Reasons to expand your range include:

• Your opponent is blindly aggressive and your hand has good implied odds. The more your opponent will lose when you make a strong hand, the less often you need to make that hand to justify a preflop call.

• Your opponent has an extraordinarily wide range on the button. Wider ranges are weaker ranges. While a wide range may be more difficult to read, it is more vulnerable to attack. You will have more bluffing opportunities if your opponent has fewer calling hands.

• Your opponent is extremely passive after the flop. A passive opponent gives you free cards and cheap showdowns.

• You have a strong read on your opponent’s tendencies. Even if your opponent plays reasonably well, predictability can be his downfall. The clearer idea you have of your opponent’s strategy, the fewer doubts you’ll have about the correct play after the flop. This allows you to act with confidence and make some bold moves when necessary.

• You are a master at playing out of position. This means that, not only can you maximize value when you make a hand, but that you can also identify your opponent’s points of weakness and launch intelligent bluffs on the flop, turn, and river.

These conditions are additive, so if you have a strong read on an extremely passive opponent and you are also a master at playing out of position, you can play a lot more hands than you usually would. But don’t go too crazy with it. Be realistic about which hands you can turn a profit with.


Blind stealing and defense is a topic of much discussion. Players can get emotional about it because they feel like the blind they post somehow belongs to them. They can feel like the button is attacking them by raising a lot. That’s not how it works. The blinds belong to the pot. While it’s only two players who ante up at the beginning of a hand of hold’em (unless there are actual antes), everyone dealt into the hand shares some of that equity. It’s much more useful to behave rationally than to defend your blinds to the death. Focus on making profitable decisions by defending more against weaker players and wider ranges. ?

With more than $5 million in cash game winnings in his 9-year career, Dusty “leatherass” Schmidt is the consummate grinder. He posted the world’s highest $5-$10 win rates in 2007 and 2008. In 2007, Dusty became one of the first SuperNova Elites and later became a member of PokerStars Team Online. He is currently the player ambassador for America’s Cardroom. He is the author of Treat Your Poker Like A Business and Don’t Listen To Phil Hellmuth, available at Schmidt’s newest book, Poker In Practice: Critical Concepts, can be found at His many poker exploits have made him the subject of a feature article in Sports Illustrated.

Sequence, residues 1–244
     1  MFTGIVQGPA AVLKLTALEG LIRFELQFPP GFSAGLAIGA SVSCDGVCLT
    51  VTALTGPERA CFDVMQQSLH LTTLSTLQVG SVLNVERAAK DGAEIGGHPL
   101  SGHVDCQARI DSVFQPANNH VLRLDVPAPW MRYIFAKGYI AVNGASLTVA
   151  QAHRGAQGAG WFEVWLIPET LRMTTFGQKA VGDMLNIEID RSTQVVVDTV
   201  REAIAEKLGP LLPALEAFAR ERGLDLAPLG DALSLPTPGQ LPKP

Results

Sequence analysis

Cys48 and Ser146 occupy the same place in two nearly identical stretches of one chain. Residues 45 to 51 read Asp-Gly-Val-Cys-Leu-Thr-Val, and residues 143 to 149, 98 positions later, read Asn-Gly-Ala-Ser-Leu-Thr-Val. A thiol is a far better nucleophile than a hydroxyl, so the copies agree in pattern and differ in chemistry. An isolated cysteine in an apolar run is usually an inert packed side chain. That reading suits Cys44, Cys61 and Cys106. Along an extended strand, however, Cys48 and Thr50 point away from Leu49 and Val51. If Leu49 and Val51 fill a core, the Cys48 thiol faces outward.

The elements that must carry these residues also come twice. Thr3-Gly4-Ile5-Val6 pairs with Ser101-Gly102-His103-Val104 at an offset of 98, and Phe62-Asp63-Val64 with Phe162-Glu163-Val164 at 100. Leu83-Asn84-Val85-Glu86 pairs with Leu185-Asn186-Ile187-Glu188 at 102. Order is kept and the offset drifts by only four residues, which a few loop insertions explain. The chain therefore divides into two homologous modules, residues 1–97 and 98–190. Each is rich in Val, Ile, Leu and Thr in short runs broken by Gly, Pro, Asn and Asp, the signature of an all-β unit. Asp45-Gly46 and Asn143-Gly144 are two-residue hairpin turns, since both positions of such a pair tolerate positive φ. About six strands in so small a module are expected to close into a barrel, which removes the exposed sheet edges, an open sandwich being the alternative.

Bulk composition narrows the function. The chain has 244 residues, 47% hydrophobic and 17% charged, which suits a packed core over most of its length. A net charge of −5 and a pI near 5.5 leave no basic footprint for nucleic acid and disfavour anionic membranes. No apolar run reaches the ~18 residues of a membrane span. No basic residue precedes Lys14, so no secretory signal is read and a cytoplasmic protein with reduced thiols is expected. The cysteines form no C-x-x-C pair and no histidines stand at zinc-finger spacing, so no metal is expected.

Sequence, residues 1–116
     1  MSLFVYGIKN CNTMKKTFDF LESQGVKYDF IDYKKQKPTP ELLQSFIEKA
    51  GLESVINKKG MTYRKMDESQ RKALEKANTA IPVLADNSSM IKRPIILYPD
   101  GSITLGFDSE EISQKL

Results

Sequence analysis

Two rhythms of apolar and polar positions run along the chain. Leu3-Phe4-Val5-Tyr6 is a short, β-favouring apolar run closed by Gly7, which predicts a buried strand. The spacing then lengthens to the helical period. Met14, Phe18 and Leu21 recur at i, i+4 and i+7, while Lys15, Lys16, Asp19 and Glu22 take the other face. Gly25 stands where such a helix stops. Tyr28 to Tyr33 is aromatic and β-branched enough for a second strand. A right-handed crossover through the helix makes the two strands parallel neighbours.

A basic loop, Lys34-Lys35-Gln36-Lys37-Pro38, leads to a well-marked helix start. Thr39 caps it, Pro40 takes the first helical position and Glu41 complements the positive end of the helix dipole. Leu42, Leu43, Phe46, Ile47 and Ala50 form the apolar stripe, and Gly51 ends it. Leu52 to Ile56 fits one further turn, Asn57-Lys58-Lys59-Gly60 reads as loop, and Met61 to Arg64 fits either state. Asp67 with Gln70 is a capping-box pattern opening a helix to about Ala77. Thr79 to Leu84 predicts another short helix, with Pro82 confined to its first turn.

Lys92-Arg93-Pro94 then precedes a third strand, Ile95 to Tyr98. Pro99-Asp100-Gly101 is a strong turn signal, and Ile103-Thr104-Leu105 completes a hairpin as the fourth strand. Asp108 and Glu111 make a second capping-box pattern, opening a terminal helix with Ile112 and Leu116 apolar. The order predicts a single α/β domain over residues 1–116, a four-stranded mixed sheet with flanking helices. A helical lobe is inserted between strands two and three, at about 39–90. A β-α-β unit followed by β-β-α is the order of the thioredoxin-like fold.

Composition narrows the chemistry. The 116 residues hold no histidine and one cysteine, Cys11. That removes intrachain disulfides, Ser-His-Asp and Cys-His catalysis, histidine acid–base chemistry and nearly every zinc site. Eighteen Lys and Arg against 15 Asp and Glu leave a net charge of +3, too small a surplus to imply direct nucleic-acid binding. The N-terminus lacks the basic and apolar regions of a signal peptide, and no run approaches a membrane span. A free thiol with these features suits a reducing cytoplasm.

poker fish

The Poker Lottery

Are You Still A Fish?
by Card Player News Team
You paid that big blind and you have 25 left, button is bleeding chips and it’s time to make your move. One player limps in but you got the late position, small blind pays the toll but hey, that’s half price. With the moderate confidence of pocket nines you shout the raise. You’re in for 5 big blinds with 25 left in the stash.

You can’t help but stare at your opponent across the table, he is a regular at the tables in your local room, you don’t know his name and you don’t particularly like him. You lower your eyes and look at his stack, the feelings change, he has about 40 blinds left and it’s about time those chips change hands. While hiding your emotions behind your large shades, you can’t help but notice a slight curl on the left side of his mouth just before he silently pushes the call pass the line. You’re surely ahead!

You look to your right. The guy on the small blind is miles away, seemingly more interested in the fit blackjack dealer at the far edge of the room than the poker game. It’s on you. The dealer brings his attention back to the table, he has another look at the cards, ‘two players? Yeah, call!’

Three players and a rainbow K-9-4 flop, you got this, surely no one would limp in with cowboys. It’s time for some good old fashion slow play. The inattentive kid must be in a rush to leave the table as he places a 5 big blind bet, you put him on 2 pair and do the sensible thing anyone would do with your monster hand. You call! Your attention turns to your real adversary across the table; your thoughts are in a frenzy ‘call call!’ – he does.